Comcast: We Agree With President On Net Neutrality, Except We Don’t

Comcast, like someone on house arrest who can’t stop talking about how much he loves just staying at home, can’t shut up about its alleged “support” of net neutrality — a support that was forced upon it as a condition of its 2010 acquisition of NBC. Now the nation’s largest Internet service provider is publicly stating that it “agrees” with President Obama’s feelings on neutrality, just not the ones that actually matter.

In yet another blog post, Comcast’s Executive Spin Doctor David Cohen writes that it’s “remarkable” when you compare the President’s stance on net neutrality with the things that Comcast has claimed to support… because it is legally obliged to support them.

Cohen lists the following as facets of the President’s neutrality stance that Comcast agrees with and which it practices — Free and open Internet; No blocking; No throttling; Increased transparency; No paid prioritization.

These are all conditions of the 2010 Open Internet rule, which was gutted by a federal court earlier this year. These were also all conditions that — before that rule was even put into place — Comcast agreed to with the FCC in order to push through the acquisition of NBC (a deal that landed one FCC Commissioner a high-paying job as a Comcast lobbyist only a few months later).

Additionally, these are conditions to which Comcast will no longer be beholden after 2018 when that agreement expires.

But even if Comcast truly believes in these things, why then does it still have a problem with the President’s suggestion — and that of countless consumer advocates — that the FCC reclassify broadband as a necessary piece of telecommunications infrastructure?

The first part of Cohen’s explanation is the already debunked claim that it would “harm future innovation and investment in broadband.”

But then he wades into murkier waters, saying that Title II reclassification is “not necessary to put in place strong and enforceable Open Internet protections” and that “Section 706 of the Telecommunications Act provides more than ample authority to impose those rules, as the DC Circuit made clear.”

Hold on a second while I try to wrap my head around this nonsense.

It was under Section 706 that the FCC tried to establish the “no blocking” and “no paid prioritization” rules — the very rules that the DC Circuit gutted… in the very ruling PDF] that Cohen links to in his post.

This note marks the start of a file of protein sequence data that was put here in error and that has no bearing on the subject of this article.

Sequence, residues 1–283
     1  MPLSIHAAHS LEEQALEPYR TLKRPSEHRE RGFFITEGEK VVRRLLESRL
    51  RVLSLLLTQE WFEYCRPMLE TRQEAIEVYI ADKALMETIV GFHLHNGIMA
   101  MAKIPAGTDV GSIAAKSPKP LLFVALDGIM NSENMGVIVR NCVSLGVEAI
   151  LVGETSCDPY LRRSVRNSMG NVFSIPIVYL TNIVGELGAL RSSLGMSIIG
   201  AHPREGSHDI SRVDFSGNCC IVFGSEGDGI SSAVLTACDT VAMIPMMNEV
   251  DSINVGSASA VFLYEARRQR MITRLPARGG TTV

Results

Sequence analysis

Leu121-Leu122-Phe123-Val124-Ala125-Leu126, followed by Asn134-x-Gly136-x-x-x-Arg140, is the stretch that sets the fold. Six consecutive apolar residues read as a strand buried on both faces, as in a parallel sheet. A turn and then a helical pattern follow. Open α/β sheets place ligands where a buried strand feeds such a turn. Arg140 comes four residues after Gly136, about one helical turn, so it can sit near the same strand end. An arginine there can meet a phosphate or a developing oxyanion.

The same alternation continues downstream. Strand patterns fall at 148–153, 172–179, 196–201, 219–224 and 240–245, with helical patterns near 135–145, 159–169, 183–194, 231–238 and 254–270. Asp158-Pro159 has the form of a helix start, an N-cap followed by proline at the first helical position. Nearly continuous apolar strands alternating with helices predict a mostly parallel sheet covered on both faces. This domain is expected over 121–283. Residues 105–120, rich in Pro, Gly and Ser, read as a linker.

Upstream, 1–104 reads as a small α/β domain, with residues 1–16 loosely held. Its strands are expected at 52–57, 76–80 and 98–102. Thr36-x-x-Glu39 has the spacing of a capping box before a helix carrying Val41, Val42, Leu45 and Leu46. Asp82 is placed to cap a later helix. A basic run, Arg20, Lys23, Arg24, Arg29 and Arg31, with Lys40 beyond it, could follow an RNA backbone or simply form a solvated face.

What the court said in that ruling was that Section 706 grants the FCC “affirmative authority to enact measures encouraging the deployment of broadband infrastructure” and “empower[s] it to promulgate rules governing broadband providers’ treatment of Internet traffic.”

But the court specifically said that Section 706 may not be used to “impose requirements that contravene express statutory mandates,” and since the FCC had previously chosen to classify broadband as something other than a Title II service, “the Communications Act expressly prohibits the Commission from nonetheless regulating them as such.”

And, added the court for good measure, “Because the Commission has failed to establish that the anti-discrimination and anti-blocking rules do not impose per se common carrier obligations, we vacate those portions of the Open Internet Order.”

So in fact, the court specifically blocks the FCC from using Section 706 to prevent rules against prioritization and blocking.

But Cohen claims this isn’t “game playing or sophistry” on Comcast’s part. He should probably look up what both of those terms mean, because that’s exactly what it looks like when you tell people that the law gives them the authority that a federal appeals court explicitly says it does not.

“Being for net neutrality and against Title II is completely consistent,” writes Cohen. “People can be for net neutrality and against Title II – that simply represents agreement on the why, but not the how.”

But the “how” is the most important thing. If cable companies and other ISPs had no intention to block content or charge for priority access, they wouldn’t be spending millions to put up this anti-neutrality fight.

Rather, folks like Cohen would rather you believe that an industry — the lowest rated of all consumer-facing industries, according to the American Customer Satisfaction Index — known for monopolistic business practices would best be left to monitor itself. Because without reclassification to Title II, there is no other way to require ISPs to remain neutral.

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